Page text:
The first wrestling Pay Per View I ever actually paid to view was one of the NWA-TNA weekly Wednesday night episodes, contributing half the cost; five (begged from my mom) dollars.
The first PPVs that I “watched”, but didn’t pay for, were scrambled World Championship Wrestling events, where I couldn’t really follow the action with my eyes, but the move-by-move commentary came as clearly and pleasantly into my prepubescent ears as my first album, Greatest Kiss, through the headphones of my unfashionable-in-the-era-of-CDs portable audio cassette player.
By far, though, my favorite PPV experiences of my youth, and unfortunately my least favorite, came in the first ever bar I stepped foot in, the no longer open due to drugs and violence, called Weekends.
Though I was still many years away from being able to drink, on PPV nights the operators allowed kids, accompanied by a legal age guardian, to come watch wrestling. My cousin Robert, in a great gift of kindness, would go out of his way to pick me up, drive me to the bar, and pay for my admittance.
I felt so f___ing overwhelmingly cool! Hanging out with my adult cousin, in a bar, watching a not only unscrambled, but projected on a big ass screen, live PPV!
What wasn’t so cool was watching WWF Over The Edge, on May 23, 1999: listening to the words, “Owen Hart has tragically died, tonight.” No, that was about as far from cool as my young heartmind could grasp.
When I first started watching wrestling, I was a staunch WCW fan. I would click over to RAW every once in awhile, during Nitro commercial breaks, but nothing really intrigued me much. That changed when I clicked over and caught a very intriguing moment between Owen Hart, Davey Boy Smith, and Bret Hart.
I could have been missing important stuff on Nitro, but I could not care any less as I watched Bret Hart break up a fight between his brother and brother-in-law, then say some very touching things on the microphone.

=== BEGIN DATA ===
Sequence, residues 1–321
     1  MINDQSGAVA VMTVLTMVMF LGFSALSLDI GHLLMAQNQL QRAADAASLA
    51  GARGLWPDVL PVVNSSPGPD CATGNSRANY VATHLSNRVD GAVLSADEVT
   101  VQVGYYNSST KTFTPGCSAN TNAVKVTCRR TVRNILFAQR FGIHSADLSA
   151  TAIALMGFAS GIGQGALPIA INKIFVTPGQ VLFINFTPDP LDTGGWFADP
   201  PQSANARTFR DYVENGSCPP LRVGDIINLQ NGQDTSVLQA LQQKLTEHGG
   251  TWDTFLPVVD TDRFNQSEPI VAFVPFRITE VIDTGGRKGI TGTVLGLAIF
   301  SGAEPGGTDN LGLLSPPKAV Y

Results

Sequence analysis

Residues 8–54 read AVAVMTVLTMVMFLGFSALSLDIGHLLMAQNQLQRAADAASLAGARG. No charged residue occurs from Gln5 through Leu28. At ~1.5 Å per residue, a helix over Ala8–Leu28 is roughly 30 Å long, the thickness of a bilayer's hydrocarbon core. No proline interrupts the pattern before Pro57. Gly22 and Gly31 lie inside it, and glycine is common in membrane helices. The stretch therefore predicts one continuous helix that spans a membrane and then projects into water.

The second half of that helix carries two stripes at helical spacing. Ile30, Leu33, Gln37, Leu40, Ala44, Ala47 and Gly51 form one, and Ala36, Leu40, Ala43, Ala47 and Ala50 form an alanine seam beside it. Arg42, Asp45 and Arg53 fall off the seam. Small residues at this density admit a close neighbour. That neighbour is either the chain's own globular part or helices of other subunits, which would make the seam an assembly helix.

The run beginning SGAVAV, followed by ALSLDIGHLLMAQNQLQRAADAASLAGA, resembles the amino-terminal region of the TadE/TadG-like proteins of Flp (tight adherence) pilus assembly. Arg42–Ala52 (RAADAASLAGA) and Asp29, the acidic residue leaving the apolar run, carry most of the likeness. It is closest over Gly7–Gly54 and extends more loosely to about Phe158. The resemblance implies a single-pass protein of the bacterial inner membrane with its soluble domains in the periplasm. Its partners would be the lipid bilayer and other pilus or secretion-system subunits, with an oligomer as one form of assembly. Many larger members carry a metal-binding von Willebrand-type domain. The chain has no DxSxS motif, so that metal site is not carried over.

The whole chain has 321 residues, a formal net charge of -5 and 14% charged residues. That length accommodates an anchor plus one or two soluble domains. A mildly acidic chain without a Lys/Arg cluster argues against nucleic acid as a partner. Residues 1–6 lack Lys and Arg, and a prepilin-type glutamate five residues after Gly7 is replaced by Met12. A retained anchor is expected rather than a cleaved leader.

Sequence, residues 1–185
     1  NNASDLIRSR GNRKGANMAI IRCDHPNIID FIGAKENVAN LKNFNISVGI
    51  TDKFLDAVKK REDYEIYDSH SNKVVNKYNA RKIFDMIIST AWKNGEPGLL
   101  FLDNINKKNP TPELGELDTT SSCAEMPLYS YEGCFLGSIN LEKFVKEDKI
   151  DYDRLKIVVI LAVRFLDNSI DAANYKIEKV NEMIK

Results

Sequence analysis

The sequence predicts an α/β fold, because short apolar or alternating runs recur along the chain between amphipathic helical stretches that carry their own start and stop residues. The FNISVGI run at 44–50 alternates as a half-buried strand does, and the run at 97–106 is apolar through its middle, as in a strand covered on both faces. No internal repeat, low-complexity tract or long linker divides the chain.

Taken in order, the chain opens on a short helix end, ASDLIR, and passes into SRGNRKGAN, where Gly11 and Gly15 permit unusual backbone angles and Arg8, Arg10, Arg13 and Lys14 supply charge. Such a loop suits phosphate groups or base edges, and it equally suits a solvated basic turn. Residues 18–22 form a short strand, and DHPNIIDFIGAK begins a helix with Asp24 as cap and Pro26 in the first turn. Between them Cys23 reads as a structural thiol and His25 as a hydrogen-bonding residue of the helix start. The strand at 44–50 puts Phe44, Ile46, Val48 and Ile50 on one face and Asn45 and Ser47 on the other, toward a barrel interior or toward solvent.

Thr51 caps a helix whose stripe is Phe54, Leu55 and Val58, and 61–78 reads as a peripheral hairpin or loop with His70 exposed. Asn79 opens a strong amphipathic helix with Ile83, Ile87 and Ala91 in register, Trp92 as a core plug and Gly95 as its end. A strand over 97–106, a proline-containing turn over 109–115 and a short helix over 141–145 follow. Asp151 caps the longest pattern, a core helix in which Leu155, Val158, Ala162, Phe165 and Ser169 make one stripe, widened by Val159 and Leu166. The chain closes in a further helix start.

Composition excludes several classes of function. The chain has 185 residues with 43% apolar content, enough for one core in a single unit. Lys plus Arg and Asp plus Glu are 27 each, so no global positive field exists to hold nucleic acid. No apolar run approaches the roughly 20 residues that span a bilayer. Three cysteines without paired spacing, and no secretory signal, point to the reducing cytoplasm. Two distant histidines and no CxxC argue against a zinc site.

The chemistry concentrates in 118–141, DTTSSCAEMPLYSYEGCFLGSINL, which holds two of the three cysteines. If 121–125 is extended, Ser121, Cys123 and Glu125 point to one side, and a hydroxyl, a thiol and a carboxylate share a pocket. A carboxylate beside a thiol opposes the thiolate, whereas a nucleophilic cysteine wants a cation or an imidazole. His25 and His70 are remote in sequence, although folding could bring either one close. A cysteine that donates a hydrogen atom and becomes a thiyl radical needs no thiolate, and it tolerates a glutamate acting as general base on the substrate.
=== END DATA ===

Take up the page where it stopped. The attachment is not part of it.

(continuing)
It seemed his words were supposed to rub me the wrong way, being the patriotic son of a soldier that I was, but watching a family reunite, watching a grown man, Owen, cry out of love, I couldn’t help but become a “Hart Foundation guy”. I had always been very “God, bless America”, but now I was “God, bless Canada, too, please,”
Hooked on the Hart’s, I began clicking over to RAW more often and staying there longer, until, eventually I would watch it in it’s entirety and stay up for the replay of Nitro.
Then the Montreal Screwjob happened. Then I became excited to see The Hart Foundation in WCW, but that excitement turned to disappointment as Bret, Davey Boy, and Jim Neidhart were subjected to WCW’s creative pitfalls. I was also excited to see what would come of Owen’s revenge of his big brother in the WWF, but, unfortunately, that never came to be either.
Thus so tragically ended my personal love story with the Hart’s that even William “The Greatest Sadist In Storytelling” Shakespeare wouldn’t have been able to pen it. Or so I thought, but neither my love, nor it’s story ended there.
Four years after the death of one of the major contributors to inspiring it, I started chasing down my dream of being a professional wrestler.
I didn’t just want to be a professional wrestler, though, I wanted to be a great professional wrestler.
With that grand aspiration in mind, I went about studying the greats. Which brought me back to Owen Hart.
Step A in my Plan To Become Great was to first build a foundation of well roundedness to build my young life’s work on. As a ‘90’s wrestling kid, I couldn’t think of a single person more well rounded in the ring than “The King Of Harts”.
I “borrowed” my dad’s credit card to order a VHS copy of “The Best Of Owen Hart” from Highspots, which mainly consisted of his, new-to-me, matches from Japan.
I had had a loving appreciation of Owen, already, as a fan, but as someone trying to learn the technical aspects of graceful grappling and mastery of working with, and against, gravity, well, I was moonstruck by the moonsaulting magic and style-blending alchemy developed from, and beyond, the walls of his dad’s dungeon.
I spent many hours watching, rewinding, and rewatching, and re-rewinding that tape. Northern Lights Suplexes, Butt-Bounce back flips, and spin kicks made their way from Owen-In-Japan to Jason-In-Oak Hill.
So much more than being the perfect-to-me blueprint on which I built the base to my planned mat-mansion, with his triumphant life’s work: his life itself, and it’s tragic end, helped me see that beyond blueprints, buildings, bodies, and even dreams, which will all fade with time, there seems to be a timeless, unfading story unfolding that, though our chapter in it may be bittersweetly short and hard to understand by itself, is written by love, for love, and in the name of love.
Thank you, Owen, so much.